A control that’s been a feature of cars for decades is rapidly disappearing from the latest models, according to a new market review.
It found that only 13 per cent of motors in UK showrooms today come with a manual handbrake, which is set to become a forgotten component in vehicles before the end of the decade.
The majority of the remaining 87 per cent of new cars have electronic parking brakes, which experts warn are far more expensive to fix if they go wrong – an average of £446 pricier, in fact.
Putting the brakes on a car part: Just 13% of all new car models sold in the UK are fitted with a manual handbrake as brands continue to switch to electronic systems
The report is the fifth annual review of how many cars are being sold with handbrakes, with the numbers consistently dropping year-on-year over the half decade.
In 2018, CarGurus – the online used car platform – found that more than a third (37 per cent) of models across brand ranges had a manual handbrake.
However, this has declined each year, to 30 per cent in 2019, 20 per cent in 2020 and only 17 per cent last year.
Yet the 2022 review shows there is no slowdown in how quickly the part is being omitted from cars by brands.
It found that household names, including giants BMW and Peugeot, have dropped handbrakes from their current cars all together over the last 12 months.
Of the 38 manufacturers reviewed, 17 no longer sell cars with manual handbrakes – that’s 45 per cent of brands, the report found.
In 2018, CarGurus found that 37% of models across brand ranges had a manual handbrake. This has declined each year, to 30% in 2019, 20% in 2020 and only 17% last year
While electronic parking brakes offer easier operation to motorists and adjust automatically, they are far more expensive to repair than traditional handbrakes if something goes wrong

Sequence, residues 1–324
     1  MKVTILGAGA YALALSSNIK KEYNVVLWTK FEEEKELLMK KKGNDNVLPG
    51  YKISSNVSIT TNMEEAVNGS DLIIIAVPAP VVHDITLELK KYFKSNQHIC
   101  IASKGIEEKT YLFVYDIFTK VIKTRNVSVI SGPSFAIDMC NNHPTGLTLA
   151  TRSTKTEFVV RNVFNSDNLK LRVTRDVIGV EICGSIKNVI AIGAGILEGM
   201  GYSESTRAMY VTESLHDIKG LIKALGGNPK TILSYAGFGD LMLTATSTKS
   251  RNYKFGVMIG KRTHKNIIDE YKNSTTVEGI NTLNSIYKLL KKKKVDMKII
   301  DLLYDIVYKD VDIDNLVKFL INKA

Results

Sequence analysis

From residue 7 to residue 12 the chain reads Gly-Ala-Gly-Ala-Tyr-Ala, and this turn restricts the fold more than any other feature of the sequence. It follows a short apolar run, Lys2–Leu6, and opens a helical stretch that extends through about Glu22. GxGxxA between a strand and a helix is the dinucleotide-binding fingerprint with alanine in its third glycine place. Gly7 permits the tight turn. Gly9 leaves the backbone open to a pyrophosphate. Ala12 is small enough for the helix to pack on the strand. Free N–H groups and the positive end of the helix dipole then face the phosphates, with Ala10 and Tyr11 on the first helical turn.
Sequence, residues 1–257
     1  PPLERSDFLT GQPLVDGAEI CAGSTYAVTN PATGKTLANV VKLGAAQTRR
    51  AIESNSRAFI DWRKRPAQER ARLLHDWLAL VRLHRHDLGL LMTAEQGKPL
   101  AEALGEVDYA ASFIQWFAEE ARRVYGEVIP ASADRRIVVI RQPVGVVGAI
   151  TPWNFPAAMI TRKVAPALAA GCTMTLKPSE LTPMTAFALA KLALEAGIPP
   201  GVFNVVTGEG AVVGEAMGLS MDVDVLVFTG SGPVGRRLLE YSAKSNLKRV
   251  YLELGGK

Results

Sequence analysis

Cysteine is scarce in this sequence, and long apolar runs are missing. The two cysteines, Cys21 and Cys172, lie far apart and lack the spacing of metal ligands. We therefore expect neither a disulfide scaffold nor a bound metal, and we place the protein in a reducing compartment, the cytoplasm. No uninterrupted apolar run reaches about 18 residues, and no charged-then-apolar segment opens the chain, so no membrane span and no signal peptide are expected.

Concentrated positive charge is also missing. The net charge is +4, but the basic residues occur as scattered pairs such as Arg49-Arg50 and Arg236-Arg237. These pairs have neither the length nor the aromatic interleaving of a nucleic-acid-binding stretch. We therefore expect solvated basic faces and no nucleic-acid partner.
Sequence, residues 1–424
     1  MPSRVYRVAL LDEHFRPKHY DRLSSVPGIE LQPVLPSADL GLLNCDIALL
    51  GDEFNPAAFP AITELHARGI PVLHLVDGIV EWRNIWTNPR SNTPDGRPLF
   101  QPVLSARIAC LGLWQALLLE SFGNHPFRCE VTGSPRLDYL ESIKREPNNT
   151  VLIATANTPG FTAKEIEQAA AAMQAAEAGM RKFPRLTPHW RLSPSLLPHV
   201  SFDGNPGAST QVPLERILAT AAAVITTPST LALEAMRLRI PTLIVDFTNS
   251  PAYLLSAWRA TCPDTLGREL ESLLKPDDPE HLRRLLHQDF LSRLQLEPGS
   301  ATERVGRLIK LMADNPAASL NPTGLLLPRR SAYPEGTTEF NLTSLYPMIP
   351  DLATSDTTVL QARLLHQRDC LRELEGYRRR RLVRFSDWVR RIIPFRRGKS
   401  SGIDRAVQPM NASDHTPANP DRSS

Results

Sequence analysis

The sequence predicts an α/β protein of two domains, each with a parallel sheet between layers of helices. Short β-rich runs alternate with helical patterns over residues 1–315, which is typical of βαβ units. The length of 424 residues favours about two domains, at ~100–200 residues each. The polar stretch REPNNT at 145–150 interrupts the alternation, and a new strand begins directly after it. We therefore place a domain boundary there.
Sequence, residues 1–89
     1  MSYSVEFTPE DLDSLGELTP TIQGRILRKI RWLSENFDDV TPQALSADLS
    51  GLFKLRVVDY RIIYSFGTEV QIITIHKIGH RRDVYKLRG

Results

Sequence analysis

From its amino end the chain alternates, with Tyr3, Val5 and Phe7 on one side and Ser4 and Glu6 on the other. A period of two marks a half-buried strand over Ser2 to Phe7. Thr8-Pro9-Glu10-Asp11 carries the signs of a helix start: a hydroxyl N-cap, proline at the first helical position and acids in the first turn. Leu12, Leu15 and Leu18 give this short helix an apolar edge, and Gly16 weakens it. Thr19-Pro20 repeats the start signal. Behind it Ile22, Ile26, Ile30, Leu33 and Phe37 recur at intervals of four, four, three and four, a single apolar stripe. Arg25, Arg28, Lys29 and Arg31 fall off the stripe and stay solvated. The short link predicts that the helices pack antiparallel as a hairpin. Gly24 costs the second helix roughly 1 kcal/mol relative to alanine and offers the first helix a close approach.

The BMW X1, M230i xDrive Coupe and M4 Convertible have all now been fitted with an electronic parking brake, while Peugeot has discontinued its only manual-handbrake product, the 108 city car.
In addition, the Citroen C1 and Nissan Micra, both of which featured a manual handbrake, have been discontinued in the UK in the last 12 months, the report highlighted.
Meanwhile, Audi continues to offer a manual handbrake in just 1 per cent of its models, while Vauxhall has dropped over two in five (40 per cent) of its manual handbrake vehicles, with models such as the Combo Life and Vivaro Life facing an electric facelift in 2022 and a switch to electronic parking brakes.
The only manufacturer to offer manual handbrakes across its product portfolio in the UK is Abarth, though an electric Abarth 500 – based on the Fiat 500 electric – is set to be unveiled this week and will not have a handbrake.
Some brands, including Mercedes, also offer parking foot brakes, which are operated by an additional lever in the pedal box – though these are becoming very rare.
This table shows how many models each manufacturer sells with a manual handbrake. Giant brands BMW and Peugeot, have both dropped them from their cars in the last 12 months